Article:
I personally read each and every single comment, pull request, and issue.
That said, I can’t always help, so when I can’t, I don’t say anything.
I just took a month to reply to my own rant here. I don’t fault anyone else in the community for the valuable time they contribute.
There isn’t really a process, as almost nobody is actually paid to
work on Rails. People do the work when they feel like it and however
much they feel like it, and everyone has their own process.
That said, of course, we do make sure that there aren’t known
regressions in releases, things like that.
“There isn’t really a process” is totally fine, but there should be a better way for us to see what’s going on.
Maybe there could be a wider role for prioritizing tickets. Reviews and +1s on issues are one thing, but how can anyone find the issues that should float to the top of the “priority list” (which seems like there is none) and get more attention from the community? Sorting through hundreds of open, untagged issues is pretty daunting.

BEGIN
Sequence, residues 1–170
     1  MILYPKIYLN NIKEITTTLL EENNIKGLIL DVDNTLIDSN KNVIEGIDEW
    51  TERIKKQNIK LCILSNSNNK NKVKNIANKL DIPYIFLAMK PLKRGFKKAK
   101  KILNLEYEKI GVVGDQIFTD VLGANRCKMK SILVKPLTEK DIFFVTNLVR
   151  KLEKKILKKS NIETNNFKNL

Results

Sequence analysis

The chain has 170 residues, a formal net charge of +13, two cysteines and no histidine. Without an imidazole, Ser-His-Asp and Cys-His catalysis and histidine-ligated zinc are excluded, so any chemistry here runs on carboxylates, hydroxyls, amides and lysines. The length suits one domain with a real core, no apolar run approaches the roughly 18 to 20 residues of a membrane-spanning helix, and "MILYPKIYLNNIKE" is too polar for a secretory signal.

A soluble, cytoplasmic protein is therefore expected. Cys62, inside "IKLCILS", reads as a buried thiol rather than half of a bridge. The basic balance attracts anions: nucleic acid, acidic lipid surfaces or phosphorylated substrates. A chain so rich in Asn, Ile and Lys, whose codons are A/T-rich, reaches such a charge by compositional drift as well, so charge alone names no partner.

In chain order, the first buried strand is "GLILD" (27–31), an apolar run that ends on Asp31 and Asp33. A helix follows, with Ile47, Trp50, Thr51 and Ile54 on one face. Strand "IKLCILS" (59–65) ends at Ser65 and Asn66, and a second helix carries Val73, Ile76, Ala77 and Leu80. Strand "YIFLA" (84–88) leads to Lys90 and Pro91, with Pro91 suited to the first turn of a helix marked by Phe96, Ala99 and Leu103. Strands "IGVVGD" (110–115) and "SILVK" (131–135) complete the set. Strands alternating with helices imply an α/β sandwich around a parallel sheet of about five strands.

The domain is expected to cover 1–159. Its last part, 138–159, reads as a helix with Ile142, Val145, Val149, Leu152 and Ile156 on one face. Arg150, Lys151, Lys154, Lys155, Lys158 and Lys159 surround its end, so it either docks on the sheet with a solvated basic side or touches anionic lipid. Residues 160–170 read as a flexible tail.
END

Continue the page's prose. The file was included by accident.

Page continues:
It could even be as simple as a “focus” tag with a capped number of important items (pseudo-kanban style), rolled & reviewed periodically.
Or be more aggressive about assigning tickets to milestones, even if provisionally: currently there’s ONE open issue for 4.0.1 and 3.2.14 each, and I’m sure there are many more that should be included there.
I think more visibility into the issue list would help the community to move things along a lot better. It helps to know where to push.
As a community member, what can I do to help?
Ask for reproductions on issues that don’t have them, writing
reproductions is even better. Verify that older bugs haven’t gotten
‘accidentally’ fixed and are still an issue. Write patches for bugs
that are open.
Yup, I get it… it’s just that if I want to invest the time to pick at issues from the sidelines, I’d like to know whether I’m advancing the next item in the pipe, or if it’s just an obscure “nice to have” that’ll eventually fade away.